Expat women living in Qatar will find that the government policies of the Arabian Peninsula make for a unique life that usually demands certain initial adjustments.

Women's rights in Qatar

Women have somewhat progressive rights in Qatar. They vote, run for municipal elections, and participate freely in all parts of public and social life while enjoying some equality in professional and educational settings.

Following the lead of Her Highness Sheikha Moza bint Nasser (the chairperson of Qatar Foundation for Education, Science and Community Development, and also one of the wives of the previous emir), women are employed and educated at all levels of society.

These familiar rights will make most newcomers comfortable in their surroundings. Qatar also practises religious tolerance and there are several religious facilities, including an official Catholic church and Hindu temples, in addition to the mosques around the country. Those who practise other religions are free to do so, but proselytising is illegal.

That said, both men and women should realise that Qatari society is engaged in a constant balancing act between the traditional and modern. This means that old-world values, such as gender-segregated schooling environments, are still upheld and considered core to national identity. Similarly, males are considered the natural head of the family, and Western expats should be prepared for a typically patriarchal society.

Though women can work and are respected in the workplace, women under a family residence visa sponsored by their husbands will likely need their husband's official approval to do so. The LGBTQ+ community also undeniably face multiple challenges given that homosexuality is illegal under Sharia, Islamic law.

Dress in Qatar

While non-Qatari women are not expected to wear the abaya, a black robe-like covering, expat women should dress appropriately when at shopping malls, the souks, the Corniche and other public areas. This means covering the arms, at least with short sleeves, and wearing dresses, skirts and shorts that cover the knees.

Dressing appropriately in Qatar will also ensure that expat women will avoid being stared at, or attracting other unwelcome attention from men while out in the city (men greatly outnumber women in Doha).

Hotels are generally more permissive when it comes to dress and can be an enclave for expats, but keeping the culture in mind while en route and when leaving the hotel is important. A good principle for the expat woman is to always have a shawl in one's handbag or car to use for covering up if needing to get out of the car in public unexpectedly, or for chilly air-conditioned interiors.

Making friends in Qatar

Many of the expat women in Qatar are homemakers who have travelled for the sake of their husbands' jobs and have suddenly found that they don’t have to “make home” in Qatar. House help is widely available at a reasonable price – one of the great benefits of living here, particularly for those with young children. As a result, expat women may find infinitely more hours to spend with their family and friends, working, or on hobbies.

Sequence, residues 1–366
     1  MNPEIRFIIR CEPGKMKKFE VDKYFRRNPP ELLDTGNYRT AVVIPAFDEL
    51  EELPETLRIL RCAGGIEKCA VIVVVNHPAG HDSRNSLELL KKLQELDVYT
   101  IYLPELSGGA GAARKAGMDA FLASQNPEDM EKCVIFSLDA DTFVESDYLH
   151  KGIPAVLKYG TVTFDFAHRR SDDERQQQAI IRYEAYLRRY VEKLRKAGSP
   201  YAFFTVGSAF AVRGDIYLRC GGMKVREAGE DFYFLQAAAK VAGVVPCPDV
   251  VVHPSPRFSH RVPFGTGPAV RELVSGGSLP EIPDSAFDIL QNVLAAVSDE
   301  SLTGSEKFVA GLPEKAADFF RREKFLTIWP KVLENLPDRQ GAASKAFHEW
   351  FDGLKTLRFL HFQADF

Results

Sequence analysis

The transition can be challenging at first when women left at home alone must find ways to fill the time. Those living on compounds are lucky since the compound can act as a safety net for first-time movers. These instant communities have welcoming neighbours and often a central swimming pool or clubhouse.

Another pre-made circle of friends is the network of spouses and children who are the wives and kids of work colleagues. It should be kept in mind that these relationships can often be necessary and welcome, but people may eventually want to branch out, as expat communities can feel claustrophobic with people living and working very closely together.

As there are many others in this situation, there is a varied social scene, with writing groups, book clubs and other interest groups that are generally open to all women. Activities such as salsa and creative writing have sprung up in recent years. Notices about their meetings are posted regularly in local magazines as well as on social media platforms such as Twitter and Facebook.

Due to the somewhat transient nature of expat life in Qatar, many people stay an average of only three years. Most of the groups (and people in general) are used to welcoming new arrivals and are very good at making fresh assignees feel welcome. If a new arrival doesn’t find a group for their particular interest, it's fairly easy to start one. 

Work-life balance in Qatar

Those who move to Qatar as single working women will find the elusive work-life balance all the more important to establish. Spending all one's time doing business can get lonely. Start-up companies that demand long hours and companies that uphold the working days and times of Western countries often monopolise their employees' time and commitments.

Those who deliberately limit the amount of time they spend at work and on email will find opportunities to explore the city and establish relationships outside of it. It’s important to make this effort, and there are networks related to professional working women that could be useful in helping to meet other women who aren’t able to develop friendships over coffee mornings.

Those looking to make connections in the local community or outside the bubble of their living/working conditions may find this takes a fair amount of determination, but it can be done. The ephemeral nature of the expat community means that those who stay longer than three years – Qatari and non-Qatari – can be wary of the steady stream of inquiries by newcomers, and may be reluctant to make new friends. The best way to break into these communities is to get involved in meaningful activities, like volunteering and participating in charity work, and to give friendships time to develop.

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